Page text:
Now we are left with the last option, i.e., scope baseline, but it does not seem to be correct in prima facie. If you dig further into the scope baseline, you will find out that the scope baseline consists of scope statement, WBS, and WBS Dictionary.
Since it consists of WBS and the name of the process is Create WBS, this must be the correct answer.
This is an example of a question based on ITTOs that you are going to see in the exam. The questions may also ask for the input of a process, or they may give you the name of the process and ask you to identify the correct tool and technique for the given process.
How many ITTO based questions will you see on your Exam?
There used to be many direct ITTO-based questions on the PMP exam. I believe an aspirant saw around 10 questions.
However, these days there are fewer direct questions on ITTOs. A few successful exam takers told me they got two or three on their exam. Although every exam is unique and this number can be greater, I haven’t had any successful exam takers telling me they got many ITTO based questions.
Currently (as of Oct 2019), I believe you may or may not see direct ITTO based questions. However, there will be many indirect questions based on ITTOs, therefore, it is in your best interest to study ITTOs. Answering indirect ITTO-based question is much easier than answering a direct ITTO-based question.
How I Dealt with ITTO Based Questions on my Exam
I did not have a strategy to deal with ITTO-based questions during my PMP exam preparation. Moreover, I didn’t look for any strategy, shortcuts, or tricks to remember ITTOs.
My focus was on my study materials and the PMBOK Guide. I read the books along with the PMBOK Guide. I drew some memory maps to visualize the process flow and find the errors in it. This helped me understand ITTOs and the process flow better.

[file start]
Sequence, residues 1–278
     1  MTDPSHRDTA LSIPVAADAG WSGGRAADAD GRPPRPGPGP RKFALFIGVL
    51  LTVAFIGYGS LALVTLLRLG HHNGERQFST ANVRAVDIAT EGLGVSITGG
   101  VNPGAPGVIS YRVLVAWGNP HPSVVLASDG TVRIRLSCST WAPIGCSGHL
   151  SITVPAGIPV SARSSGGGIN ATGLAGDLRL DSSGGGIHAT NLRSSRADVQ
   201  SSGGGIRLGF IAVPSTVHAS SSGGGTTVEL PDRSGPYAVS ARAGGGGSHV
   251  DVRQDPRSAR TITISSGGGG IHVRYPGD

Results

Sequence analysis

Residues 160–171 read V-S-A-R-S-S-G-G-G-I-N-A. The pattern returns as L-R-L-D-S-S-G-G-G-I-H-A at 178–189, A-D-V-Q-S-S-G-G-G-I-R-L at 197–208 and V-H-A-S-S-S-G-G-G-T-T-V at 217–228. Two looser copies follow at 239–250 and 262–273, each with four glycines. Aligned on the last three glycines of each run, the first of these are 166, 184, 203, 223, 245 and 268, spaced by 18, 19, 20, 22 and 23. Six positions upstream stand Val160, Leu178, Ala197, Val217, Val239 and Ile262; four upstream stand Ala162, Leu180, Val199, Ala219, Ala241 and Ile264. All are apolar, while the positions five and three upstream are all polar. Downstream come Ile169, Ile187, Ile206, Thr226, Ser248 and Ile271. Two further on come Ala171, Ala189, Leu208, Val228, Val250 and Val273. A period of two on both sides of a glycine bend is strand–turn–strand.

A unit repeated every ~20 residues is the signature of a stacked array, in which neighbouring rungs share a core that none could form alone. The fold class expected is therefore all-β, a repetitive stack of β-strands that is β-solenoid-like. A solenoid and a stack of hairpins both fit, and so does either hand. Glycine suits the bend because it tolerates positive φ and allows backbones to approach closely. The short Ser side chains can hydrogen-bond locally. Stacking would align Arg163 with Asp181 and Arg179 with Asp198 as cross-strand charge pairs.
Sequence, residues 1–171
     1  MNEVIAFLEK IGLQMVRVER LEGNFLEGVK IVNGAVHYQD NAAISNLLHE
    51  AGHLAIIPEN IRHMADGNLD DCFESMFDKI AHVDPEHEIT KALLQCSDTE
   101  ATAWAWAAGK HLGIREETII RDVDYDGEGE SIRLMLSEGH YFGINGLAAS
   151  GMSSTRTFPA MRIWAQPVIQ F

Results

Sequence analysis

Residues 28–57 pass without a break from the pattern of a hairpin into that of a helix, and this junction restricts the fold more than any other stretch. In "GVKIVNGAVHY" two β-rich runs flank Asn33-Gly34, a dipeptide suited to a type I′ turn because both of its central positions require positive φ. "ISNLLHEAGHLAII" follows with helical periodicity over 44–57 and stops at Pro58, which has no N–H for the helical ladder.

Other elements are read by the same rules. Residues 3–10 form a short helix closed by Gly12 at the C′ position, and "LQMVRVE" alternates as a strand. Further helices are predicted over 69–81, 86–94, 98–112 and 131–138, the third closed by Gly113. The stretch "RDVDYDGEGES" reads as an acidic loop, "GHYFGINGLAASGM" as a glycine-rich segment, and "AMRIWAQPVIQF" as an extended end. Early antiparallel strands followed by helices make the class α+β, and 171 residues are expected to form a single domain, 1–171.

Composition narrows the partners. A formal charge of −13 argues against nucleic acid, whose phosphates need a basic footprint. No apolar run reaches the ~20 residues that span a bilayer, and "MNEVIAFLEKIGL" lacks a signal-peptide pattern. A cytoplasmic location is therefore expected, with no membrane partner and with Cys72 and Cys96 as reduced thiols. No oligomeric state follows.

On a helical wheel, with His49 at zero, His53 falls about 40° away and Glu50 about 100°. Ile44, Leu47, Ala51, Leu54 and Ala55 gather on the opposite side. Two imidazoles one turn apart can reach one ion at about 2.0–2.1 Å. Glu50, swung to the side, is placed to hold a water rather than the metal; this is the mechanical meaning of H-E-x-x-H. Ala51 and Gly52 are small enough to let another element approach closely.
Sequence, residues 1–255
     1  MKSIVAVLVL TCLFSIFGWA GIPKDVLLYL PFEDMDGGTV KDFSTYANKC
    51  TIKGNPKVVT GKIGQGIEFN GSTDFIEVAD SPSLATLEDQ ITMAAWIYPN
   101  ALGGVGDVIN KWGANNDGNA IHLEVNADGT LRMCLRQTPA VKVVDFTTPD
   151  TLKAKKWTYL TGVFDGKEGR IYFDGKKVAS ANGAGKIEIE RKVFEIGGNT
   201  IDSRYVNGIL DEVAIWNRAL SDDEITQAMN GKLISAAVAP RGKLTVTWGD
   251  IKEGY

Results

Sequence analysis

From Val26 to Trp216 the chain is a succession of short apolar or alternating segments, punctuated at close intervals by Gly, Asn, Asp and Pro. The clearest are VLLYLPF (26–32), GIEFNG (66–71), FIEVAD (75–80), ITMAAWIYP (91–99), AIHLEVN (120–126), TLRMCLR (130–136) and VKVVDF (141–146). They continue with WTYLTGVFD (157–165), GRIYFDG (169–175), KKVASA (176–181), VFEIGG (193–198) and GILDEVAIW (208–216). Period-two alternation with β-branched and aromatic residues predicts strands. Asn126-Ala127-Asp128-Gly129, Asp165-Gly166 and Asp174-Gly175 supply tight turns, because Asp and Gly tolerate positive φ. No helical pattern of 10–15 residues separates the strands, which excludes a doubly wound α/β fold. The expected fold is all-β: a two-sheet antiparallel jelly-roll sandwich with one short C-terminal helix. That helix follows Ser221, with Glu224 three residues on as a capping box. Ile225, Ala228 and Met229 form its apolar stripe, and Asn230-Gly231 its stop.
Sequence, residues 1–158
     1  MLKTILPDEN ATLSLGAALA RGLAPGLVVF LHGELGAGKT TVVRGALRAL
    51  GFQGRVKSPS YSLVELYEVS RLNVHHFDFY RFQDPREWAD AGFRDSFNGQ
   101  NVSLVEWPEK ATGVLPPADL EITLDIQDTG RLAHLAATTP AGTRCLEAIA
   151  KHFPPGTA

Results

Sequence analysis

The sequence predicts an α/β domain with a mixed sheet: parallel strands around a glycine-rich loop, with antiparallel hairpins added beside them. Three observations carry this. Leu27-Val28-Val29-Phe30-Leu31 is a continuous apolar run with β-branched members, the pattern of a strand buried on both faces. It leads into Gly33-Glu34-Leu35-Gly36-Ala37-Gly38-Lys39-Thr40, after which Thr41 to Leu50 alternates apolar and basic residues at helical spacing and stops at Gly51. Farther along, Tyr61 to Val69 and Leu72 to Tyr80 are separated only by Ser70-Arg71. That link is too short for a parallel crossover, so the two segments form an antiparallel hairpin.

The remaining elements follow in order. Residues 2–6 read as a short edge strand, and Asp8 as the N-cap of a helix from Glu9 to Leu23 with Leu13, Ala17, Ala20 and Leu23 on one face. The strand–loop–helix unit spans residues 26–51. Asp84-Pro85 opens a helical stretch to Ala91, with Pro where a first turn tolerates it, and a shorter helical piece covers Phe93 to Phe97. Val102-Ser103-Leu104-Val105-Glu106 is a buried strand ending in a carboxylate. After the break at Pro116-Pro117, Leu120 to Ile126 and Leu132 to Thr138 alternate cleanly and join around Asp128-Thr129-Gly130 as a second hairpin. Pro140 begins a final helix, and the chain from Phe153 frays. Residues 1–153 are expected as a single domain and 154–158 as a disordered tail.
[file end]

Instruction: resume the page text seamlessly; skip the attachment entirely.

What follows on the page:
I repeated this process many times, and in the end, I was very confident in solving ITTO-based questions.
How Should you Prepare Yourself for ITTO-Based Questions?
The PMBOK Guide has 49 processes, and each process has many ITTOs. It is difficult to memorize all those ITTOs, however you can understand these ITTO easily as the relationship among ITTOs is logical and can be interpreted easily.
Whenever I visit any PMP exam related forum or blog, I see that many PMP aspirants are asking questions such as:
- How do I memorize or remember ITTOs?
- How do I solve questions based on ITTOs?
- Is it necessary to memorize ITTO to pass the PMP exam?
In different places, you will find various suggestions, tricks, and tips, but here I am going to tell you how you should deal with ITTOs.
Before going any further, let me ask you a few questions:
- Is it possible for everyone to memorize all ITTOs?
- Does the PMI want you to memorize these ITTOs to pass the exam?
- Why does the PMI ask questions based on ITTOs in the exam?